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5th Edition of Cardiology World Conference

September 5-7, 2024 | Madrid, Spain

September 05 -07, 2024 | Madrid, Spain
CWC 2019

Coronary artery spasm: Pathogenesis, diagnosis and treatment

John Horowitz , Speaker at Cardiovascular Conference
University of Adelaide, Australia
Title : Coronary artery spasm: Pathogenesis, diagnosis and treatment


Coronary artery spasm (CAS) may involve predominantly large or small coronary arteries, and usually presents as episodes of prolonged ischaemic-type chest pain occurring randomly, but with a tendency toward cyclic periodicity. Diagnosis is currently difficult clinically, and many patients are discharged from Emergency Departments because of lack of clinical evidence of cardiac injury. However, precipitation of CAS following intracoronary injection of acetylcholine is diagnostic, and implies a relative impairment in the indirect, nitric oxide (NO)-mediated, coronary vasodilator component of acetylcholine effect. Recently it has become apparent that many patients with acute episodes of CAS have evidence of erosion of intracoronary atherosclerotic plaques, sometimes with associated intracoronary thrombus formation. These finding raise the possibility that some form of vascular-platelet interaction occurs during symptomatic crises in such patient, rather than just an aggravation of coronary constrictor tone.We have therefore compared platelet  anti-aggregatory responses to the autacoids NO and prostacyclin (PGI2 ) in normal subjects and patients with CAS, both in chronic and acute symptomatic phases. Responsiveness to NO and PGI2  were markedly and significantly ( p<0.01 for both) impaired during the chronic phase in comparison with normal data, and tended to worsen during symptomatic crises.  These results therefore suggest that CAS may reflect, perhaps primarily, a propensity towards platelet/endothelial interactions within the coronary vasculature, and that it may represent a microcosm of a generalized disorder in this respect. Results of further experiments further  evaluating pathogeneic mechanisms, and probing appropriate diagnostic and therapeutic options for CAS during both acute and chronic phases, will be presented.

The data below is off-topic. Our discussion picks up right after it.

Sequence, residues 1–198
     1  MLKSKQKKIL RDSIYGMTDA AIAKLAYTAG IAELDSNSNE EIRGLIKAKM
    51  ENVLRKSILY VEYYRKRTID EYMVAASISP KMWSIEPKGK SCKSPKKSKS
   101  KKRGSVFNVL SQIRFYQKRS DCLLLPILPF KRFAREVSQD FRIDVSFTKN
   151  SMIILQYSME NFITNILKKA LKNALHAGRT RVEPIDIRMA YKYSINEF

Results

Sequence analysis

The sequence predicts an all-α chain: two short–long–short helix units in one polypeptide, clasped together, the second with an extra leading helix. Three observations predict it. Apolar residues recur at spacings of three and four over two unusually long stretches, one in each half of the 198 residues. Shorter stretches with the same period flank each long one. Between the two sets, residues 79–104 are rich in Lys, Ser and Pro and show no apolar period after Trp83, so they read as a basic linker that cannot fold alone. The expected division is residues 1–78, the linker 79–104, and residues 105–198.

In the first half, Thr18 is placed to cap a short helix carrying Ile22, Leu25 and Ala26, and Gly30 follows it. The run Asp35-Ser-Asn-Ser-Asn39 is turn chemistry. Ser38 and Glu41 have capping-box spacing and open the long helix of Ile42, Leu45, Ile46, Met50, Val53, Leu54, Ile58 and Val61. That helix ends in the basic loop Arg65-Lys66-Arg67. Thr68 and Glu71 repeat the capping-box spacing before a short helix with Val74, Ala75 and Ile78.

Professor John Horowitz trained in Medicine in Adelaide, with subsequent clinical and research training in Cardiology and Clinical Pharmacology at the University of Melbourne. From 1980 to 1982 he was a postdoctoral research fellow at the Brigham and Women’s Hospital, Harvard University, Boston. In 1988 he was appointed as Director of Cardiology at the Queen Elizabeth Hospital, Adelaide, and Professor of Cardiology, Adelaide University. His major research interests centre on the pathogenesis and potential treatment of various forms of cardiovascular disease, including myocardial ischaemia, heart failure, atrial fibrillation, aortic valve stenosis and takotsubo syndrome. Among his specific pharmacological/therapeutic interests are the potential utilities of the cardiac metabolic manipulator perhexiline and the antioxidant N-acetylcysteine.